If you’re currently reading this article at your office job and are searching desperately for a distraction from the stack of papers that has slowly built up on your desk, or the mundane task of data collection and building spreadsheets, then look no further than Bark and Fester’s, RoTopo. This 3D-pathfinding-twitch-puzzler is played through any web browser and is the perfect outlet for you to regain your sanity. Plus, you’ll be stimulating your brain too, which will make you a more productive team member, and that’s the only defence you’ll need if you get busted by your superiors.
RoTopo’s design is simple and clever. It takes the pathfinding concept found in the classic arcade game Q*bert, and flips it up, down, left and right (minus the pursuing Coilys, Wrong-ways, and Uggs). So basically, you manoeuvre your avatar through, or around, a linear or three-dimensional object, with the task of stepping on each tile to complete the structure, in order to progress to the next level.
Successfully navigating each puzzle will grant you an additional score multiplier, which will amplify the return of gimbles you receive from completing each brainteaser, and the better you are, the more gimbles you can earn. But, any wrong turn could spell doom for your multiplier and ruin your perfect run.
The in-game store is where you will spend these hard earned gimbles on new level packs and avatars. It may be a good idea to watch the tutorial videos provided here, to gain an additional boost to your multiplier, because it will drop fast on the harder challenges. There is no cheating though, you’ll have to wait through a fourteen-second timer to receive the bonus. Fortunately, the multiplier does have a cap, so you’ll always receive some amount of gimbles in return for completing a challenge.
Some of the avatars come with a special ability, which can potentially save you from failure, but not all the time. I have struggled for hours (days even) on one single puzzle on insane difficulty, even when I was using an avatar with a special ability. I just couldn’t figure it out, and there is no help option either. Which is good in my opinion, it will force players to spend time on the puzzles and figure them out on their own. But, if they do decide to include one in the future, I think there should be quite a high penalty for choosing this option, such as resetting your multiplier bonus to zero.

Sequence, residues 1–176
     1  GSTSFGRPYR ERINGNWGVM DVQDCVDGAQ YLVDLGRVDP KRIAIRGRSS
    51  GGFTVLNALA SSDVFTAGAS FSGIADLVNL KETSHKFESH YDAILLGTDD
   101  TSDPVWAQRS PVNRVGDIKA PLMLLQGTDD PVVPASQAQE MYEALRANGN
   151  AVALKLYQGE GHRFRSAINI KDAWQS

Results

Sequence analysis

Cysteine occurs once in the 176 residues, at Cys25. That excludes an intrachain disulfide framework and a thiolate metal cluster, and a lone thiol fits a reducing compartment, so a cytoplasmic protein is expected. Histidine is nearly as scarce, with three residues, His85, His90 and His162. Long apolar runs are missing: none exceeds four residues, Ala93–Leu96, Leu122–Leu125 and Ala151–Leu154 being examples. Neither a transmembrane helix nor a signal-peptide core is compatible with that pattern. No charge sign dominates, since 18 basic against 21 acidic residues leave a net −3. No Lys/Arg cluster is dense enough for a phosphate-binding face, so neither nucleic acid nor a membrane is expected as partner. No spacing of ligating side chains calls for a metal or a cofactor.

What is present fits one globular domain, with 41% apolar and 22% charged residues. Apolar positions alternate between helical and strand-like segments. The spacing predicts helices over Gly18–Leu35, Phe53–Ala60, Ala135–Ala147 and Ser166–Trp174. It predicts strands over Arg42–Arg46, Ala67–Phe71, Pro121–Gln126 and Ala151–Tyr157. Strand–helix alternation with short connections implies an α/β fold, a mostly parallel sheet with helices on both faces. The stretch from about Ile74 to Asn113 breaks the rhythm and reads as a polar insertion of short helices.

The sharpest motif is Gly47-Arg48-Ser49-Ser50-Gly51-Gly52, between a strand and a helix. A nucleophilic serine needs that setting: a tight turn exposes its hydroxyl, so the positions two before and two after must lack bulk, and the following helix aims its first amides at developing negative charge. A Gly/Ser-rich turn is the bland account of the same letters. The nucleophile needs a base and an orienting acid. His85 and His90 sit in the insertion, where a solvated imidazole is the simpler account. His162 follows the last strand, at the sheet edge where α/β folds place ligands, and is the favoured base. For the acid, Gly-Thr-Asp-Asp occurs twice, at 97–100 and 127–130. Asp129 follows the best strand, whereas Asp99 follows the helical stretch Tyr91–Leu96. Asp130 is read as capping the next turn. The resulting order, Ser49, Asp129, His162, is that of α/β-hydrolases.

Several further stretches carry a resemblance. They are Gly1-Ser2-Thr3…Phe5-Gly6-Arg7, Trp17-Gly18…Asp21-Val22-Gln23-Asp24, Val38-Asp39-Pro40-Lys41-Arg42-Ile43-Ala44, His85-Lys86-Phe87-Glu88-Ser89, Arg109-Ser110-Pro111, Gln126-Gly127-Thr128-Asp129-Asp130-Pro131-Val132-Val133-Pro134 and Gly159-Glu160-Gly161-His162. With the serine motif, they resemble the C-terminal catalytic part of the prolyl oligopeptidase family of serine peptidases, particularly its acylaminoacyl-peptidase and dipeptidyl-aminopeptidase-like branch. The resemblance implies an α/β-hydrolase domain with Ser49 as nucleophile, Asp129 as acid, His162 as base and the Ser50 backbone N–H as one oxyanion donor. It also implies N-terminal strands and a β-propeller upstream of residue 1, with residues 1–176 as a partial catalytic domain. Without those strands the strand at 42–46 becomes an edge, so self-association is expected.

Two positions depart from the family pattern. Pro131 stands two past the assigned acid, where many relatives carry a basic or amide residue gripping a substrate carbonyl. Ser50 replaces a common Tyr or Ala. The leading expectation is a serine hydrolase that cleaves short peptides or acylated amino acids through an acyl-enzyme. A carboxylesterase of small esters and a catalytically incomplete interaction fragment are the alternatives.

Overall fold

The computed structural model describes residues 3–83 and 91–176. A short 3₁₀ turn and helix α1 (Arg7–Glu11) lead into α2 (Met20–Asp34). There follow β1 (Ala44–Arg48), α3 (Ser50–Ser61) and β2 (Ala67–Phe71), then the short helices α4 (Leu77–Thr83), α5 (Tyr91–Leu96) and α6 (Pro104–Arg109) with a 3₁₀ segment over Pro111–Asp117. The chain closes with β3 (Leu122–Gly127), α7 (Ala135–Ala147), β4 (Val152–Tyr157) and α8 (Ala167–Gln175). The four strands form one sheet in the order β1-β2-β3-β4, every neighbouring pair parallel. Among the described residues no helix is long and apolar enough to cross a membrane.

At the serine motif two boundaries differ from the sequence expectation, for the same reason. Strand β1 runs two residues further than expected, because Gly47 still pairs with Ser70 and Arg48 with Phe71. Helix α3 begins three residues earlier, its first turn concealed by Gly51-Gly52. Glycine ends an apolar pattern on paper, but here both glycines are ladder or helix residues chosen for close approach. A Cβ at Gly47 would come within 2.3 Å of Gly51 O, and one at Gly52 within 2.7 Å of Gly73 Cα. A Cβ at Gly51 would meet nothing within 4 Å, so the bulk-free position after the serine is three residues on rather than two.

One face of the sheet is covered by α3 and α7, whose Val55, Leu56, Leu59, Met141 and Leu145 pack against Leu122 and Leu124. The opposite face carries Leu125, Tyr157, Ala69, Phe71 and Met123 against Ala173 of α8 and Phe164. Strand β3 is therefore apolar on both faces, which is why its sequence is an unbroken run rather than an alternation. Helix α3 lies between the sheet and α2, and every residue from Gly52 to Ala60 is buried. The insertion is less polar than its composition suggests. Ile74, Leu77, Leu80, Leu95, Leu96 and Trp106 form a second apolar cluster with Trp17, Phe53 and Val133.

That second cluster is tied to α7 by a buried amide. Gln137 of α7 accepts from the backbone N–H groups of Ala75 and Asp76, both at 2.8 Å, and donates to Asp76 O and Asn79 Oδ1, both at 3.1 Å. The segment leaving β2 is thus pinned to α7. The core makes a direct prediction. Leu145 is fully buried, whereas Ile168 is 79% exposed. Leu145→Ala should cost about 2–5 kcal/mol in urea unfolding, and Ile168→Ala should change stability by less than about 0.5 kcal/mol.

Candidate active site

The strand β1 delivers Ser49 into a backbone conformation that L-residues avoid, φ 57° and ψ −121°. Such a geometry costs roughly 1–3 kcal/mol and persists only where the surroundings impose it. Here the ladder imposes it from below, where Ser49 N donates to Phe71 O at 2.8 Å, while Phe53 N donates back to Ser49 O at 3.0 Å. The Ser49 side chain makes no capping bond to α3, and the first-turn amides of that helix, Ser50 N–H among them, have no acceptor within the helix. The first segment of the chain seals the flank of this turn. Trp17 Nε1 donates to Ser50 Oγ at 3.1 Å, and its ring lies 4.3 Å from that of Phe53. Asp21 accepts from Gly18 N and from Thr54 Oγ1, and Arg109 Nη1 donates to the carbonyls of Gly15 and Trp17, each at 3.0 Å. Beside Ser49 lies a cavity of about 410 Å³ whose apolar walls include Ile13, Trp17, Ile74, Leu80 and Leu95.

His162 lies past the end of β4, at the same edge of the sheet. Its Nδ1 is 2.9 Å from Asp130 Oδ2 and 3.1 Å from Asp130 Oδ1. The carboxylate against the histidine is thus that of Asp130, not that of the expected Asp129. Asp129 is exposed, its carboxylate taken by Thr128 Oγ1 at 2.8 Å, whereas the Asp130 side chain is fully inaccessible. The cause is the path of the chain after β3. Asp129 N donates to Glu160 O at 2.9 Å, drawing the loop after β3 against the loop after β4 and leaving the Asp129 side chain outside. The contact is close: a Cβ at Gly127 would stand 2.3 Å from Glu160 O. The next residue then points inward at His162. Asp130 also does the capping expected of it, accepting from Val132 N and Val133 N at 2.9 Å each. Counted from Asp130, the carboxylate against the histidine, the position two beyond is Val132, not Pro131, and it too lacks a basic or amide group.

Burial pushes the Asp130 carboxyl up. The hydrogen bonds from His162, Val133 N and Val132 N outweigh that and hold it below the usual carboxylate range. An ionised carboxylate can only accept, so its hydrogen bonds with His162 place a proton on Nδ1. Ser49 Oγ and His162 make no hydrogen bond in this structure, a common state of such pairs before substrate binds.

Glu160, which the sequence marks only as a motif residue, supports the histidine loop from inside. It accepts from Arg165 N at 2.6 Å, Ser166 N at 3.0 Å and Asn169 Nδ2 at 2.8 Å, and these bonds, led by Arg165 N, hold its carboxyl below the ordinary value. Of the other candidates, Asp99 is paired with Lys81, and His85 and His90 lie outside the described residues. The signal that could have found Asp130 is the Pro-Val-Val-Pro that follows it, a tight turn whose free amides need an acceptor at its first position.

The colour scheme is simple and pastel, which worked well for my eyes in the early morning hours. Some of the alternate avatars switch the colours and puzzle textures too. Zippy_trexo, the space cadet, traversed a moon surface, surrounded by flags and rockets. You also have the option to keep it windowed (for a quick alt-tab when the supervisor walks past) or you can proclaim it proudly and flick it to full screen. There are low, medium, and high-resolution options, and also a retro theme for those who don’t mind a pixelated puzzler.
I enjoyed the digital piano sound effects and music used here, it is perfect for this game. The mellow tones weaved together nicely, and also added to that unique retro style. I have wondered though, if the different tones from stepping on each new tile, is a subtle hint to a musical path that can guide you towards completing the more difficult puzzles.
RoTopos accessibility makes it so easy to load up and play for a short period or even a few hours. There is also a lot of content available already, for any completionist to sink their time into, and if you have a Facebook or Google account, it will save your progress.
It is incredibly fun and addictive, but can be frustrating too, in a good way. During the easy level packs, this game is a piece of cake, but the advanced and insane difficulties will require quick reflexes and decision making, and are the cause for many broken keys on the keyboard. But, I can say that all of my mistakes were my own. The camera does a good job of following your path, but you can switch between the automatic or follow camera settings if it’s troubling you for any reason.
RoTopo is currently in early access and is free to play, and you can also check out the development progress over at bknfr.com. And if it’s successful, it will allow Bark and Fester to continue working on their other titles in the future, such as a reboot of Phantom Dust, Frog Factions 3, God Hand 2, and Star Wars 1313. So, put those sales charts down and get to puzzle solving!
Tim Pearce is a freelance journalist and contributor to PN2. Go say hi on Facebook via MeatBaitMedia!